Taxation of Shareholders (Corporations and Individuals) Taxation at Source of Investment Income Paid to Non- Residents Dividends, interest, and royalties, among others paid by a Mexican resident corporation to non-residents will be subject to the appropriate withholding tax applied either by domestic legislation, or, if applicable, by Treaty. Domestic withholding rates for dividends, interest, and royalties are 5%, 21%¹, and 15%². Other items that may be subject to withholding include independent personal services and rents, among others. Shareholders that reside in a treaty country will be subject to the Treaty rate, which is generally more beneficial than the domestic rate. ¹ Reduced to 15% or 10% for certain credit instruments. ² As high as 40% for certain intellectual property rights.
Taxation of Shareholders (Corporations and Individuals) Taxation at Source of Investment Income Paid to Non- Residents Mexico also subjects income that has not been previously taxed in Mexico to a punitive tax at the time it is paid to a foreign shareholder in the form of a dividend. This tax is calculated by applying a 35% tax to 1.5385 times the dividend amount. The applicable dividend-withholding rate is also applied.
Taxation of Shareholders (Corporations and Individuals) Capital Gains Assets deemed to be located in Mexico are generally subject to Mexican capital gains treatment, even if owned and sold by a non-resident. The capital gains rate applicable is generally the same as the corporate or personal rate applicable to seller. This rate may be modified by Treaty.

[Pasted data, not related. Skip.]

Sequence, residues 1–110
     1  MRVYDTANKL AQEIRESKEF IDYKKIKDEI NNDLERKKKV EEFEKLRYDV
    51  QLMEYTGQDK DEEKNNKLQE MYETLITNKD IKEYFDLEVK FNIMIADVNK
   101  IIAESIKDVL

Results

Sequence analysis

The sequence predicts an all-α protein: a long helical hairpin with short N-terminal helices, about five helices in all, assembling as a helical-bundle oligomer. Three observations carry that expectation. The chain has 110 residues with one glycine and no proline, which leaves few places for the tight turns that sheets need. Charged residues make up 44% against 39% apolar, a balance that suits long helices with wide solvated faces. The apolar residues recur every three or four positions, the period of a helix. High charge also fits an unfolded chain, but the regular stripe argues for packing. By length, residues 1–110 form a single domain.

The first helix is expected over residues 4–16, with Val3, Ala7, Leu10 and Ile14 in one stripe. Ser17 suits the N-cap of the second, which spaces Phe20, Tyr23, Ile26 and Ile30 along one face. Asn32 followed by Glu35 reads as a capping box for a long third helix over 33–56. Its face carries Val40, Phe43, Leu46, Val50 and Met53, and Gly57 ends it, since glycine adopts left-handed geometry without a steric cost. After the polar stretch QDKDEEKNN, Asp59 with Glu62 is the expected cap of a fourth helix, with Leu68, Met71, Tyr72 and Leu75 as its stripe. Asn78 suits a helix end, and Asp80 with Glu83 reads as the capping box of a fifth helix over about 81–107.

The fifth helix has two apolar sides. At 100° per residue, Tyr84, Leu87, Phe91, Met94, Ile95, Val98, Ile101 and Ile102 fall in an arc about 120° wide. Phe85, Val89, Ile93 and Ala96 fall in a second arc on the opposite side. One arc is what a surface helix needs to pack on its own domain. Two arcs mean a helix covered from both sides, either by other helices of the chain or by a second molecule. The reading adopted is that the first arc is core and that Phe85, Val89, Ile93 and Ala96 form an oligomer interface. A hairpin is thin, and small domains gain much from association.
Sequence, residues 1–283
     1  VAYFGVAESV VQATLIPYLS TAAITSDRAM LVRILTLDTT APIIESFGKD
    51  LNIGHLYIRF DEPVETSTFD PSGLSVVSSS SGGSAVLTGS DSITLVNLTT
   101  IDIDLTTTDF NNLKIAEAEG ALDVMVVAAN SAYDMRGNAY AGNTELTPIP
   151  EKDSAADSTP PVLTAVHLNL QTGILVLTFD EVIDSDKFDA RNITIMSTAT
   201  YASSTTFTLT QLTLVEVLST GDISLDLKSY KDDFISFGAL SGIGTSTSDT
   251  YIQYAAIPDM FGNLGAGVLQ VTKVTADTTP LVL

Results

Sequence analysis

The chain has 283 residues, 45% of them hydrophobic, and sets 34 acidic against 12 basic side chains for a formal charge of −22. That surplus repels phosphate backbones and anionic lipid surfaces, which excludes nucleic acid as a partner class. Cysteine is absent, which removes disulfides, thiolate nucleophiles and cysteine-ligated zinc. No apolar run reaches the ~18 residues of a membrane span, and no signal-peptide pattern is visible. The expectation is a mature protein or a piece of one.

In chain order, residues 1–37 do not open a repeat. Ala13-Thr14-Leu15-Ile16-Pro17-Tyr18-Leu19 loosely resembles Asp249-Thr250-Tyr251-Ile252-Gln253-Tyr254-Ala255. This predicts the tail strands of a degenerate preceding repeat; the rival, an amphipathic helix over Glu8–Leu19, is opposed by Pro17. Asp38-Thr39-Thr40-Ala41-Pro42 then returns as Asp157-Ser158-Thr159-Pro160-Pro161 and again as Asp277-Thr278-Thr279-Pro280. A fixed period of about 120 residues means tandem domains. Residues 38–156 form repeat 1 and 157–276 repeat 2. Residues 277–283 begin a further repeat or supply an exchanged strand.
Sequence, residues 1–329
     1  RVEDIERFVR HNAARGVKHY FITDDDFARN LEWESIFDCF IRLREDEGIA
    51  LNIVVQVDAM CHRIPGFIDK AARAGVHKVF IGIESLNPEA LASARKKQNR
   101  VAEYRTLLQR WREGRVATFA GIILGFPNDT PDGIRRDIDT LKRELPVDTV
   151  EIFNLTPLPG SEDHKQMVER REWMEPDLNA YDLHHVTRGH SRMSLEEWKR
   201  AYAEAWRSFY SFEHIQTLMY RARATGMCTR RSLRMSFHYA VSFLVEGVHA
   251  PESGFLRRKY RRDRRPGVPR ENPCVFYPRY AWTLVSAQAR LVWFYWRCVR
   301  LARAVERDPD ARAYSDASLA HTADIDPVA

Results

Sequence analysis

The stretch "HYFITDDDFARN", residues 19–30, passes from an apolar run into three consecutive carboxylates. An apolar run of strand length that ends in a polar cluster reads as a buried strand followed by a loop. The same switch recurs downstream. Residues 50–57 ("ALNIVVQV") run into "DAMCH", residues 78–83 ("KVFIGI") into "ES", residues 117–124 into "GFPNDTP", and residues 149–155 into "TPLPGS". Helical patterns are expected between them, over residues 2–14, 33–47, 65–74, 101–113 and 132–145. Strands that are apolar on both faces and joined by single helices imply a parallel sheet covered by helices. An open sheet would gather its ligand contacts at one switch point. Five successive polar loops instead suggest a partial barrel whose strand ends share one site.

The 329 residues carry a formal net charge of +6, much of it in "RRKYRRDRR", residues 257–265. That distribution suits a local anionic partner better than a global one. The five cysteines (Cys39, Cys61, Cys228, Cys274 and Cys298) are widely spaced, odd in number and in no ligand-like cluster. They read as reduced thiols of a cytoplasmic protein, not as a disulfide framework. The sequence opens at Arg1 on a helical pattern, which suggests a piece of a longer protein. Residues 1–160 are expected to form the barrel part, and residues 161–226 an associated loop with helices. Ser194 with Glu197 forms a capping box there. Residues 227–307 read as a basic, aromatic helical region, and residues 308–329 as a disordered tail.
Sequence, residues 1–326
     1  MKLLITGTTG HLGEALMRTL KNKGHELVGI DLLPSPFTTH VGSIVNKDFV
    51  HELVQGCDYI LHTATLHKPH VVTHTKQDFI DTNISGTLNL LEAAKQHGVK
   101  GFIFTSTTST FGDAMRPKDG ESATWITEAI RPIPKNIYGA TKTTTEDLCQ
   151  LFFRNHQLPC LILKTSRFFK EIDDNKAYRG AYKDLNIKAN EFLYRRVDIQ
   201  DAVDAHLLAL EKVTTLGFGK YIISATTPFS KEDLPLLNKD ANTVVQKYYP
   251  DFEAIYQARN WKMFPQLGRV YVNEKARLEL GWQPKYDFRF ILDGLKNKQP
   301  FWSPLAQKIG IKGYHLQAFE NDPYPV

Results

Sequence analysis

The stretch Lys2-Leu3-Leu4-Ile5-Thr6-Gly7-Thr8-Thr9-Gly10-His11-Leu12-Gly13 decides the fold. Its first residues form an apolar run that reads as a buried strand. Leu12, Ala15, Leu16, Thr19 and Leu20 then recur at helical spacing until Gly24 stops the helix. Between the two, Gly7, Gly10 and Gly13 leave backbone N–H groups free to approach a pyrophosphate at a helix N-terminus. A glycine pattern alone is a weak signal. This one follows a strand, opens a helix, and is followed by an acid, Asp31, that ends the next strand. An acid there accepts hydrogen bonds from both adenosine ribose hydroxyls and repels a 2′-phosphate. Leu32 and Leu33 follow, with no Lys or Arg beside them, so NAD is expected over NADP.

Taxation of Shareholders (Corporations and Individuals) Taxation of Domestic Shareholders of Foreign Corporations Foreign dividends paid to Mexican resident shareholders are generally taxed at the applicable corporate or personal income tax rate. Capital gains on foreign shares are also subject to Mexican capital gains taxation at the applicable rate. Tax basis is subject to inflation adjustment. Mexico exempts certain stocks traded on Mexican equity markets from capital gains.
Returns Taxable Period and Filing Requirements Mexico requires all taxpayers to use the calendar year as a tax period. A return must be filed within the first three months of the subsequent year.
Returns Payment Dates and Advance Payments Advance payments are calculated based on the taxable income of the previous tax year, or on the last profitable period so long as it is within the last five years.
Returns Additional Assessments The statute of limitations for tax audits is ten years. Penalties and interest can be imposed for the period comprised between the return and the tax assessment.
Investment Incentives Mexico provides tax incentives for export oriented manufacturing operations under its Maquiladora, PITEX, and ALTEX regimes. These programs generally provide customs and VAT advantages, but are not afforded significant income tax benefits over ordinary Mexican corporations.